Then there is tipping, a function Medium does not have.

Tipping is a great way for people to send you a dollar or two as a way of support. This is an option for each article and the writer’s profile. The site will tell you which article the tip came from so you can track what has attracted the most tips.

I’ve been a member of Vocal for three months and so far I’ve had three “tips,” at $1, $10, and $20. I love this system, and I think it is something that Medium needs to employ.

Vocal also differs from Medium in that it has writing challenges. These are writing competitions where you submit articles on a given subject, they are then judged by the Vocal curators and the top three cash prizes are given out to winners. I’ve written about these writing challenges separately below.

Payment Set-Up and Transfers

Both platforms use Stripe to pay their writers. However, they differ slightly in how they use this service.

Medium sets up the Stripe relationship with themselves using your email, whereas Vocal requires you to set up a Stripe account separately, and then connect it to them.

So what? Well, when I came to set up payments with Vocal, Stripe wouldn’t let me use my usual email address as it said “This account is linked to a business that works with Stripe.”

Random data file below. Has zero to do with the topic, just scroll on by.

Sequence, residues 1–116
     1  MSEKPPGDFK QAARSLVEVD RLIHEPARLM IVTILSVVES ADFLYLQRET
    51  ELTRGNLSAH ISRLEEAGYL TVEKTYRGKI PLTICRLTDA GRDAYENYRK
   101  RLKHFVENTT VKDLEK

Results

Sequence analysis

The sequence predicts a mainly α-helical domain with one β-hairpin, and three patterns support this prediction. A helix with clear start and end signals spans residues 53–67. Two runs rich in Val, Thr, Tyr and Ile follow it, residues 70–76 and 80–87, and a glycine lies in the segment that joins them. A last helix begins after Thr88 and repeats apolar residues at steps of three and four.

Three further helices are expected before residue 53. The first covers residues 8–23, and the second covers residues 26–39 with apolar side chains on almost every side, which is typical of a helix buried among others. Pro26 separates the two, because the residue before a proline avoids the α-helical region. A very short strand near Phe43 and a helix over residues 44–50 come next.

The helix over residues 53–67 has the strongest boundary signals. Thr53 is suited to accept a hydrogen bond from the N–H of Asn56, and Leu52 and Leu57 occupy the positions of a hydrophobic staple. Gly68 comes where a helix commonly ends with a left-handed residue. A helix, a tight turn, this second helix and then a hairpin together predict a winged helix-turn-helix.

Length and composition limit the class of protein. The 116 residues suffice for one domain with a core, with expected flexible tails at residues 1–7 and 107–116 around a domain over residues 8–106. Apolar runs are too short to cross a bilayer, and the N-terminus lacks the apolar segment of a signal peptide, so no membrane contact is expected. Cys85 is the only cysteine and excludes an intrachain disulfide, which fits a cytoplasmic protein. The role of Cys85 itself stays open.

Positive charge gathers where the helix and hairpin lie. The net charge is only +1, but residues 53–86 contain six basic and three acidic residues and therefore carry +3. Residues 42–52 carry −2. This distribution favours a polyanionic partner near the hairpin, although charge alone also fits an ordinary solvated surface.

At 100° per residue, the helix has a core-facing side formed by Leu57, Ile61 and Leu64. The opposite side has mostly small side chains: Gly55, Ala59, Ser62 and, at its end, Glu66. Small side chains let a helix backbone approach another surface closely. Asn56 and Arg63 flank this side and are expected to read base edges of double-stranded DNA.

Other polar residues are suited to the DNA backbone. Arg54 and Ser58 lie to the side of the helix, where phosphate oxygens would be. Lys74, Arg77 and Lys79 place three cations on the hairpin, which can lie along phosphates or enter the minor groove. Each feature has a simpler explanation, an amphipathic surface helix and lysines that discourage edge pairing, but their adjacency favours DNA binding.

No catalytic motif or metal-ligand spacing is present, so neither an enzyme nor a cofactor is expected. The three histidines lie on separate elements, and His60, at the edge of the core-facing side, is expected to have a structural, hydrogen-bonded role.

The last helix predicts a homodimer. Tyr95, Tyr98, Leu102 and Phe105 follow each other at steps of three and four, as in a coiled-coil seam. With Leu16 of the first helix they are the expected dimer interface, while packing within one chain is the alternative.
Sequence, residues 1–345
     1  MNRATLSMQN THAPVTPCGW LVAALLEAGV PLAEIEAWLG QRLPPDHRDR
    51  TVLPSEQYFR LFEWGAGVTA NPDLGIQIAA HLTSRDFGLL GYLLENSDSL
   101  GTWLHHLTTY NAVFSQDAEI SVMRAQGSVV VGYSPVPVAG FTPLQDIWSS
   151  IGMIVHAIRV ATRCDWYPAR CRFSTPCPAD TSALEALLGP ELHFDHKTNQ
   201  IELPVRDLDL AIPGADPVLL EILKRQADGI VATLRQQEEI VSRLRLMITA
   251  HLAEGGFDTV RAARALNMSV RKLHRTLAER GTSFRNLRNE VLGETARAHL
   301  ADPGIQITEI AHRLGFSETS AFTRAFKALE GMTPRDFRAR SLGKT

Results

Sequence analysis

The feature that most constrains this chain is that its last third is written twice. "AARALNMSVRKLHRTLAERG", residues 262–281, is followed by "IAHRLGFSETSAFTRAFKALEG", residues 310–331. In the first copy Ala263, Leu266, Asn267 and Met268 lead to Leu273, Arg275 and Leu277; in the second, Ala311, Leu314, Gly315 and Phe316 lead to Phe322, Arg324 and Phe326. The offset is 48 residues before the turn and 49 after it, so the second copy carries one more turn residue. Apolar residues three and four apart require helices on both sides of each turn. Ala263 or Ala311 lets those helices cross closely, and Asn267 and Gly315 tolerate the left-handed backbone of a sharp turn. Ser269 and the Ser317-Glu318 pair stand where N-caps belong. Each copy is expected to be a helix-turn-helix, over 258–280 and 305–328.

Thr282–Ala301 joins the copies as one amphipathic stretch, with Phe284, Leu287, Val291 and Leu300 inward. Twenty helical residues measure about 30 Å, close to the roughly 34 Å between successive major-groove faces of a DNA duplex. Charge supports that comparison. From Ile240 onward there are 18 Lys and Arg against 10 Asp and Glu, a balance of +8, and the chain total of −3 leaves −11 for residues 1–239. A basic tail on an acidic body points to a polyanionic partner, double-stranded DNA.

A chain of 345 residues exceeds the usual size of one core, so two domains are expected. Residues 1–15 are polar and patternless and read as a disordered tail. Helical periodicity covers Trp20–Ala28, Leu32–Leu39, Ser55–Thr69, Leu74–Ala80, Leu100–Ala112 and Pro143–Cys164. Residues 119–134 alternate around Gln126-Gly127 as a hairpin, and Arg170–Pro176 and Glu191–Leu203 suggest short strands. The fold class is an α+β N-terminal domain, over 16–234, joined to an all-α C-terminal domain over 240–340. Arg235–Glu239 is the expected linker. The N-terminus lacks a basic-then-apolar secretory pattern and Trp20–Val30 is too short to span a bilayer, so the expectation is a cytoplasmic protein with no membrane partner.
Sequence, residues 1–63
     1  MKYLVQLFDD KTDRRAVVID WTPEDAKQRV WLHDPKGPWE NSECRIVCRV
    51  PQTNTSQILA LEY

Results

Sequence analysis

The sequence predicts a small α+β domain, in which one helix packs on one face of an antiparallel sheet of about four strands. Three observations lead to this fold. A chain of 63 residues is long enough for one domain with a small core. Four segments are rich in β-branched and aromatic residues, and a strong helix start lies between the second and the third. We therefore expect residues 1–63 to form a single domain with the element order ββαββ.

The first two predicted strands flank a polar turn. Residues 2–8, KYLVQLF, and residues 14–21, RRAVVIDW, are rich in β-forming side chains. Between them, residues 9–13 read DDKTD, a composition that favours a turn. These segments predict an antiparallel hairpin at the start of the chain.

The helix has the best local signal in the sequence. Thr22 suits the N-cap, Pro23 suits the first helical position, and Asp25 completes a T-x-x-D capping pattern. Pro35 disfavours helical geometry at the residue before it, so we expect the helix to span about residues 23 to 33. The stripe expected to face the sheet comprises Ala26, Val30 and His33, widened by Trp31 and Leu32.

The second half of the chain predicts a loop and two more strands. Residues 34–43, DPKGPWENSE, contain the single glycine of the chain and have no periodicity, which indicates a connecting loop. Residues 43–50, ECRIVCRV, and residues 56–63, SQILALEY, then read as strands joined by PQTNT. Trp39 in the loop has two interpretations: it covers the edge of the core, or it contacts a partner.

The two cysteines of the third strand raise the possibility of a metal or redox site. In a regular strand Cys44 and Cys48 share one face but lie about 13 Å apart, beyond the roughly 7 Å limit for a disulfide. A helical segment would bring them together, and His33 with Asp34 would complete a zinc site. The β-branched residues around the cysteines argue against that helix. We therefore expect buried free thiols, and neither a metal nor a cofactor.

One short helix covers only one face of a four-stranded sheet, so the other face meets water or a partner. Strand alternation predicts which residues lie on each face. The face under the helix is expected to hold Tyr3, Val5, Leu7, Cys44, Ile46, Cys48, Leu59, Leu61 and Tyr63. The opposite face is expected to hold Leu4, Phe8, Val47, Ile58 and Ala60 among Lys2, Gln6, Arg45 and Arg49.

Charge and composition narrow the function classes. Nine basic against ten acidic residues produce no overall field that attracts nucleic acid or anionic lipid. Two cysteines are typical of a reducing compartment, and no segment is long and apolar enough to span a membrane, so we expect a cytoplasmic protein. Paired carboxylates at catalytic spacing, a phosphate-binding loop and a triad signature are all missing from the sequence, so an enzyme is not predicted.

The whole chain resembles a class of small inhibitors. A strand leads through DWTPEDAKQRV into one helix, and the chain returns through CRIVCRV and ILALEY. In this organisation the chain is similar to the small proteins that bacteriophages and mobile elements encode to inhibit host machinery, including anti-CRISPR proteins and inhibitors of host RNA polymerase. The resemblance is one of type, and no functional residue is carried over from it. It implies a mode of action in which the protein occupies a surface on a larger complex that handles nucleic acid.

This is because Medium has used my email to set up their transactions. Not a big deal, but it meant that had to set up my Stripe account using a different email than the one I use with Medium, which I assume is now defunct for any Stripe use apart from Medium payments. Medium probably mentions this in their small print, but it was irksome nonetheless.

Both sites pay monthly into your bank account via Stripe, which has all worked smoothly so far.

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Screenshot provided by author.

Writing Challenges

Medium does not hold any “writing challenges” or competitions, whereas Vocal does. There is usually a couple of challenges running at all times on Vocal, with cash prizes for 1st, 2nd, and 3rd place.

Not all competitions are free to enter, some challenges are only eligible for paid members (Vocal+). These normally have the higher cash prizes of $5k, compared to the $1k first prizes for non-premium challenges.